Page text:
One major example of farce in Lysistrata is Lysistrata's plan to stop the war. She believes that if all the women decide to stop having sex with their husbands, it will bring things to a close. This is clearly highly exaggerated and meant to be humorous. However, the women ultimately decide to go with the plan after a Spartan woman supports it, despite their initial misgivings. This sets the stage for the rest of the tale.
Another example of farce is the way that women punish men who oppose them. After they take the Acropolis, the men of the community decide to start a fire so that the smoke will force the women to emerge. They aren't having that, though. The women dump pots of water on the men's heads. Later, the magistrate who tries to go against the women also has a pot of water dumped on his head.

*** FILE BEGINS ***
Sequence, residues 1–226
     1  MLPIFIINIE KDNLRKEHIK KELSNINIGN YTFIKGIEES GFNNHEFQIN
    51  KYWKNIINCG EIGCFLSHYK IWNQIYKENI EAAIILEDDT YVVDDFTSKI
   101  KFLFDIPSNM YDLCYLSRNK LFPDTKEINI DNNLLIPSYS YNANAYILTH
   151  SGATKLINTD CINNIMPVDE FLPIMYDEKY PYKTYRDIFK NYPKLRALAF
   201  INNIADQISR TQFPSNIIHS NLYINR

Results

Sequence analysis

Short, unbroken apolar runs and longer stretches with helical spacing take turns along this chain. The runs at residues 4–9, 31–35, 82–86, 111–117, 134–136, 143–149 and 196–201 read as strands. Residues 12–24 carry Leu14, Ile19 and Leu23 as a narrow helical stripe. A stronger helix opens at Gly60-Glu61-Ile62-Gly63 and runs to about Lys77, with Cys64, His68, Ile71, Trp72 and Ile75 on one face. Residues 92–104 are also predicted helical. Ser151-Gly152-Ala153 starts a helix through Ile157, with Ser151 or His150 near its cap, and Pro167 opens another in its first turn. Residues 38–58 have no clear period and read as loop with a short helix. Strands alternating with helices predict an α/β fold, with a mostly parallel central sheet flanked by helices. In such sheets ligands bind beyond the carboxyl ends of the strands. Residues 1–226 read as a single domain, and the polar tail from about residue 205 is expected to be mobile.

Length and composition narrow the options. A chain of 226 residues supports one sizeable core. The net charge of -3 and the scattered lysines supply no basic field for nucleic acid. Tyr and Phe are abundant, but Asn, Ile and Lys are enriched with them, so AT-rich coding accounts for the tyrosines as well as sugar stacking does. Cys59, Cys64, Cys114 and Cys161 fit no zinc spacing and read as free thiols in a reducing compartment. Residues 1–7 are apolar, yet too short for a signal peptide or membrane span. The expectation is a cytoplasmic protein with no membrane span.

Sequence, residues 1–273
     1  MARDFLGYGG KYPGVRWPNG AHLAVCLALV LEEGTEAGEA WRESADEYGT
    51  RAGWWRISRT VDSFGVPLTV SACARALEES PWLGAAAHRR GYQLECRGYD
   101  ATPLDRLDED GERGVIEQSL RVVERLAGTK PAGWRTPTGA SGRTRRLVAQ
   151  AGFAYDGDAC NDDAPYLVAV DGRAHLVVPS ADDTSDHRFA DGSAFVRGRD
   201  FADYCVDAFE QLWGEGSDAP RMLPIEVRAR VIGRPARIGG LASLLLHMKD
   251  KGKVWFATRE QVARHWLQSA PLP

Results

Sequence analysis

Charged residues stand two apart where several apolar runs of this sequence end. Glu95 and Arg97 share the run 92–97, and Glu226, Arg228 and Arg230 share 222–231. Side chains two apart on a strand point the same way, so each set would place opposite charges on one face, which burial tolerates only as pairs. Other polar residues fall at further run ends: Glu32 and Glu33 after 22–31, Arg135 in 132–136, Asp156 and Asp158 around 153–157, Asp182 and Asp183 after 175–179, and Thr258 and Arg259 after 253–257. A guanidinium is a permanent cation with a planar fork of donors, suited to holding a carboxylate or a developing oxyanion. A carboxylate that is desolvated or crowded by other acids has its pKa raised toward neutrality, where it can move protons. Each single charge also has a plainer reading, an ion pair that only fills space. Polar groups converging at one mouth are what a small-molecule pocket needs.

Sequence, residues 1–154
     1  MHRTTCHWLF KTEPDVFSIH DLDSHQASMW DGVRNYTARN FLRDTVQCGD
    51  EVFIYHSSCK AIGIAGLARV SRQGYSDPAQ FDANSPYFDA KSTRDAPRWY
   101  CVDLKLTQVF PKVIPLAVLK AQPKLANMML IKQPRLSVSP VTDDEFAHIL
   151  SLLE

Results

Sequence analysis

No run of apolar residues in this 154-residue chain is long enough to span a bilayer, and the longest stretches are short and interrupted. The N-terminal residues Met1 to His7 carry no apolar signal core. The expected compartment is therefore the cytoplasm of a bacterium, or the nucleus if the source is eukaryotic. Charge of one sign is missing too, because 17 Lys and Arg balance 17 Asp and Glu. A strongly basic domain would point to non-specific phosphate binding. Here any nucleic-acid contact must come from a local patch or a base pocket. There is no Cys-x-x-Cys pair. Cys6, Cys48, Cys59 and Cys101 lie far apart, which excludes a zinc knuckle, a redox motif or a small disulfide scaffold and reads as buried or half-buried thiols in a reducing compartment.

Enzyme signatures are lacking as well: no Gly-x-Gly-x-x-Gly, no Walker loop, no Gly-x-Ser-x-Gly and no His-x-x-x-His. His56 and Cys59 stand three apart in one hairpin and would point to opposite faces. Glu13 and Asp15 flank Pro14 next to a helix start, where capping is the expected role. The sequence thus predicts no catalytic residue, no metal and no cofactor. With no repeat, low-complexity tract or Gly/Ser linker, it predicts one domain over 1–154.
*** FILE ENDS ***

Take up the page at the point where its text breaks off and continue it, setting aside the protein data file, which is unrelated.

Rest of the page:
The use of a nude woman to convince the sex-starved men to finally sign a peace agreement is also farcical. As Lysistrata tries to convince the Athenian and Spartan men that fighting together isn't the right way to move forward, a nude woman is standing there. She's meant to be the goddess of peace. Since the men haven't been able to have sex with their wives, the sight of the nude women frustrates them and pushes them closer to peace. The final push of a little liquor is all that's needed to finally make peace between Athens and Sparta a reality.